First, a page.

Lesbian and Heterosexual Two-Parent Families: Adolescent–Parent Relationship Quality and Adolescent Well-Being
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This study compared 51 adolescents from intact two-mother planned lesbian families (all conceived through donor insemination) with 51 adolescents from intact mother–father families on their relationships with their parents (parental control, disclosure to parents, and adolescent–parent relationship quality), psychological adjustment (self-esteem, social anxiety, and conduct problems), and substance usage (consumption of tobacco, alcohol, and marijuana/hashish). The adolescents (average age 16 years) were matched on demographic characteristics (age, gender, educational level, country of birth, parental birth country) with a sample from a large school-based survey, and data were collected by means of adolescent self-reports. Analyses indicated that adolescents in both family types had positive relationships with their parents, which were favorably associated with psychological well-being. On the assessments of psychological adjustment and substance use, family type was significantly associated only with self-esteem and conduct problems: Adolescents with lesbian mothers had higher levels of self-esteem and lower levels of conduct problems than their counterparts in heterosexual-parent families. Overall, the findings indicate that adolescents from intact two-mother lesbian families are comparable to those in a matched comparison group with intact mother–father families. The few differences found on psychological well-being favored the adolescents in lesbian two-mother families.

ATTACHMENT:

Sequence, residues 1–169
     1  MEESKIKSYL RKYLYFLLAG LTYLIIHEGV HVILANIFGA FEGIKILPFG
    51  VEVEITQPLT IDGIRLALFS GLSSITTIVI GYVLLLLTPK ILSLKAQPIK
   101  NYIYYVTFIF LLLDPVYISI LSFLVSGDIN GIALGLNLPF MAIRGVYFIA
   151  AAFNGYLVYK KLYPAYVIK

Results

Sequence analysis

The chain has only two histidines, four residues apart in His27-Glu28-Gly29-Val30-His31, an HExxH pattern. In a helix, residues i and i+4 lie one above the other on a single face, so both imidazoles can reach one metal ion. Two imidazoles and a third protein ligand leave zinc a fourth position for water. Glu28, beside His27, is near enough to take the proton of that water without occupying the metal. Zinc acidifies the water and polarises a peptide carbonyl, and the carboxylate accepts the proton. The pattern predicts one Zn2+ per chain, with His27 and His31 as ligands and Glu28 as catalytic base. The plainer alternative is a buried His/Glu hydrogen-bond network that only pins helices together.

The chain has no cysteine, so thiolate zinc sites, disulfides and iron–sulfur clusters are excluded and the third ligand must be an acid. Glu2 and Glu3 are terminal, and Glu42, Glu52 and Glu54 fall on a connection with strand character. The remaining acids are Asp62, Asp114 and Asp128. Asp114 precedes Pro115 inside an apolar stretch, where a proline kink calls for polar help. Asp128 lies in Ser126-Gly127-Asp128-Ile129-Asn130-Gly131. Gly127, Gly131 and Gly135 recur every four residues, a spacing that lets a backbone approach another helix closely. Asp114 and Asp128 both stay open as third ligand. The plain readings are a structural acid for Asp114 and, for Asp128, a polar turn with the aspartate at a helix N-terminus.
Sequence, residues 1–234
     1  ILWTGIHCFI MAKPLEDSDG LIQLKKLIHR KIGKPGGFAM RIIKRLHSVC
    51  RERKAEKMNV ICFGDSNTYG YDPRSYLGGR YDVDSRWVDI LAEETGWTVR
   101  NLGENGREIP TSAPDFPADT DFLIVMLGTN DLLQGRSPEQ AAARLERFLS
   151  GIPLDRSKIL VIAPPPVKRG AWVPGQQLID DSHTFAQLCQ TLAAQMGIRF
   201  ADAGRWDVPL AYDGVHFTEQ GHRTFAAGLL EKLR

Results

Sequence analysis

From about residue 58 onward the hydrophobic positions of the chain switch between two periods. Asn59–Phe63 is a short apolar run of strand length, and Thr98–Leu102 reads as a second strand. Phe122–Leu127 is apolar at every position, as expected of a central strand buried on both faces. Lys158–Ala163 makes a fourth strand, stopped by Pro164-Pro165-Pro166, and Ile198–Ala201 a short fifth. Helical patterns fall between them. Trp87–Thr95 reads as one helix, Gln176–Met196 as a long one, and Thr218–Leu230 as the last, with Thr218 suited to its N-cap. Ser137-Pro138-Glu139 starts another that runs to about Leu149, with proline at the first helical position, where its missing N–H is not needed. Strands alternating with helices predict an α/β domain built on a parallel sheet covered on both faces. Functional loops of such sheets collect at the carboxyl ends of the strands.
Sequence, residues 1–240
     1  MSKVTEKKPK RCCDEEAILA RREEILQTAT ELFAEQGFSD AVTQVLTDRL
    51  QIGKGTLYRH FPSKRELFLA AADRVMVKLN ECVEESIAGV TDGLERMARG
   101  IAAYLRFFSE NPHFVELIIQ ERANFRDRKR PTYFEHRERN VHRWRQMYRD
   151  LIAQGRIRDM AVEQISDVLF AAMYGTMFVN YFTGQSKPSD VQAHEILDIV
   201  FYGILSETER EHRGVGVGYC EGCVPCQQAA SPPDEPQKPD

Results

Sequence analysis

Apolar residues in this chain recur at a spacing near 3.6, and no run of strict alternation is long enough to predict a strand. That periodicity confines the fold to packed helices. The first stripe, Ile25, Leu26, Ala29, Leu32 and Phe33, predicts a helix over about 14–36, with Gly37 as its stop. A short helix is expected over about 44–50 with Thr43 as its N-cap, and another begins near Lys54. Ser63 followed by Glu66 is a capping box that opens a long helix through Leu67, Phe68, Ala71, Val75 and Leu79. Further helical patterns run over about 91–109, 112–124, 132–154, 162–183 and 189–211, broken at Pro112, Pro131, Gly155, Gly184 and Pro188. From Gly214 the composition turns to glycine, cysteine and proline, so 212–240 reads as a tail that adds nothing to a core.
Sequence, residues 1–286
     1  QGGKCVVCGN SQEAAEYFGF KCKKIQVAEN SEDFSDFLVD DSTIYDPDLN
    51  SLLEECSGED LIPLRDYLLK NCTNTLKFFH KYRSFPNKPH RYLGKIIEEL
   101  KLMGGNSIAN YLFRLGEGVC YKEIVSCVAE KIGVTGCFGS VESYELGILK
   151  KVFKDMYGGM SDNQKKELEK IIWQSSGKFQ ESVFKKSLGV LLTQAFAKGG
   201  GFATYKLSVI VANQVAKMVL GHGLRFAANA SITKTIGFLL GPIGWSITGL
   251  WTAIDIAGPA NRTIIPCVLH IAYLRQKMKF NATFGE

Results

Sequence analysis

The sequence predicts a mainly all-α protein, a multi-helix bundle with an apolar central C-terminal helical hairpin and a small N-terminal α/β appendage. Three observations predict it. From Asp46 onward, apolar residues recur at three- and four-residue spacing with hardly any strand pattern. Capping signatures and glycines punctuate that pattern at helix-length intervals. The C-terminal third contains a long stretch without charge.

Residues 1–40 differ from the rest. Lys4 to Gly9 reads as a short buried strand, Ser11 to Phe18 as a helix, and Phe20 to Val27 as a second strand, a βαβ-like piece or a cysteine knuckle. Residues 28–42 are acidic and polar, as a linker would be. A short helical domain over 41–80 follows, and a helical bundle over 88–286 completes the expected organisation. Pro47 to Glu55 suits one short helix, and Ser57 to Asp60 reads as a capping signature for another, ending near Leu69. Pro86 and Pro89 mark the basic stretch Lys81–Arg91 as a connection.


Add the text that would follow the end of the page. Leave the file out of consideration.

KeywordsLesbian families Adolescent–parent relationship quality Adolescent well-being
The authors would like to thank the Williams Institute, UCLA School of Law, for supporting this project.
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